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I stuck on a minor problem and I haven't found the right search terms for it. I have letters from "A" - "N" and want to replace these one greater than "G" with "A"-"G" according to their position in the alphabet. using gsub for that seems cumbersome. Or are there any regex that can do it smarter?

k <- rep(LETTERS[1:14],2)
gsub(pattern="H", replace="A", x=k)
gsub(pattern="I", replace="B", x=k)
gsub(pattern="J", replace="C", x=k)
gsub(pattern="K", replace="D", x=k)
# etc.

Isn't there some way I can convert the the characters to integer and then simply calculate within the integer values and afterwards casting back? Or is there any inverse of LETTERS? as.numeric() and as.integer() returns NA.

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As you've probably figured out from the suggested answers, match is the as.numeric you're looking for: match(c("A","S","K"), LETTERS) will return {1, 19, 11}. –  Ananda Mahto Jun 23 '12 at 19:25
Yep thanks. match() I need to remember. So many new things and I nearly always forget something I came across earlier. Although match is pretty new for me. –  Sebastian Jun 24 '12 at 17:49

5 Answers 5

up vote 11 down vote accepted

This translates H-N to A-G:

chartr("HIJKLMN", "ABCDEFG", k)
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Nice. Hard to beat that in this case, I'd say. –  Josh O'Brien Jun 23 '12 at 20:04
Yet again, I put reading through the list of functions in base on my to do list. Thanks for pointing this one out. –  Aaron Jun 23 '12 at 20:08
Uh, I came across that function when I was searching for a proper replace function. However I did not try it because I was assuming the old a new parameter was only applicable within one string not for vectors. I should have tried it. BTW anyone an idea what chartr stands for? Its easier to remember it. –  Sebastian Jun 24 '12 at 17:40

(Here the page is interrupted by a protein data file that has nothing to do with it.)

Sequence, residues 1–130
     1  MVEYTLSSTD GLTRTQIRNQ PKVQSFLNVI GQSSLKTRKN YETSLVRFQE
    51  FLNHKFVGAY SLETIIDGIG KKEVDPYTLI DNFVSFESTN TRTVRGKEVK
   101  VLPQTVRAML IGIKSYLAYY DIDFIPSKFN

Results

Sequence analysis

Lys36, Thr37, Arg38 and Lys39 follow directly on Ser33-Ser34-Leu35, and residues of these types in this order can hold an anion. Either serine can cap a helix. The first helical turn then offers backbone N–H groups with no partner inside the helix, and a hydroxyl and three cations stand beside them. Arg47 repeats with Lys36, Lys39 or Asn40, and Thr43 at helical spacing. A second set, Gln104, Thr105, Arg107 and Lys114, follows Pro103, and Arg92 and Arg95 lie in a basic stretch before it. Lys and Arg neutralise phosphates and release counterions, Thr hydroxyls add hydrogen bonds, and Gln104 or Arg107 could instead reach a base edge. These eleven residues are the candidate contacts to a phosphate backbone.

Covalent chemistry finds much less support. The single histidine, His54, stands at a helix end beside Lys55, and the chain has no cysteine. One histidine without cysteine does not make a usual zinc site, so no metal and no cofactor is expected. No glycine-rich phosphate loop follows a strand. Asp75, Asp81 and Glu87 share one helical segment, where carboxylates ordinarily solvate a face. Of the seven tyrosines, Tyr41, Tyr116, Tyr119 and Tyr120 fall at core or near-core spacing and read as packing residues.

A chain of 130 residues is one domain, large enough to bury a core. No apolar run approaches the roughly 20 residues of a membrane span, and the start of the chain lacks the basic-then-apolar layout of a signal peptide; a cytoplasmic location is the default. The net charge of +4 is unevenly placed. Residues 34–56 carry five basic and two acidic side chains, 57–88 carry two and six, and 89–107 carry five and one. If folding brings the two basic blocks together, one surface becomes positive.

Yeah never mind as the help title says character translation –  Sebastian Jun 24 '12 at 18:25

My first thought whenever I see problems like this is match:

AG <- LETTERS[1:7]
HN <- LETTERS[8:14]

k <- rep(LETTERS[1:14],2)
n <- AG[match(k, HN)]
ifelse(, k, n)
# [1] "A" "B" "C" "D" "E" "F" "G" "A" "B" "C" "D" "E" "F" "G" "A" "B" "C" "D" "E"
#[20] "F" "G" "A" "B" "C" "D" "E" "F" "G"

I'd construct an inverse LETTERS function the same way:

invLETTERS <- function(x) match(x, LETTERS[1:26])
# [1]  1  2  3  4  5  6  7  8  9 10 11 12 13 14  1  2  3  4  5  6  7  8  9 10 11
#[26] 12 13 14
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Here's a clean and straightforward solution:

k <- rep(LETTERS[1:14],2)

# (1) Create a lookup vector whose elements can be indexed into  
#     by their names and will return their associated values
subs <- setNames(rep(LETTERS[1:7], 2), LETTERS[1:14])
#   A   B   C   D   E   F   G   H   I   J   K   L   M   N 
# "A" "B" "C" "D" "E" "F" "G" "A" "B" "C" "D" "E" "F" "G" 

# (2) Use it.
#  [1] "A" "B" "C" "D" "E" "F" "G" "A" "B" "C" "D" "E" "F" "G"
# [15] "A" "B" "C" "D" "E" "F" "G" "A" "B" "C" "D" "E" "F" "G"
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I'm sure there's a way to make this more compact, but this is probably the sort of thing you were thinking of in your second, non-regex idea:

k <- factor(k)
> k1 <- as.integer(k) %% 7
> k1[k1 == 0] <- 7
 [1] "A" "B" "C" "D" "E" "F" "G" "A" "B" "C" "D" "E" "F" "G" "A" "B" "C" "D" "E" "F" "G" "A"
[23] "B" "C" "D" "E" "F" "G"

There's probably a clever way to sidestep the 0 index issue, but I'm not feeling terribly clever at the moment.


Good suggestions from the comments. First, to handle the 0 form the modular arithmetic:

k1 <- ((as.integer(k)-1) %%7) + 1

and combined with match it turns into a one-liner:

k1 <- LETTERS[((match(k, LETTERS)-1) %% 7) + 1]
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Here, you can borrow some cleverness, and pay it back later ;) k1 <- ((as.integer(k)-1) %%7) + 1 –  Josh O'Brien Jun 23 '12 at 19:23
@JoshO'Brien, I like the cleverness. It makes it so this can be solved in one line: k1 = LETTERS[((match(k, LETTERS)-1) %% 7) + 1]. –  Ananda Mahto Jun 23 '12 at 19:50

If your problem is only with A-N:

k = sample(LETTERS[1:14], 42, replace=TRUE)
temp = match(k, LETTERS)
# > table(k)
# k
# A B C D E F G I J K L M N 
# 2 2 5 2 1 6 3 3 5 4 3 3 3 
k[which(temp > 7)] = LETTERS[temp[temp > 7] -7]
# > table(k)
# k
# A  B  C  D  E  F  G 
# 2  5 10  6  4  9  6
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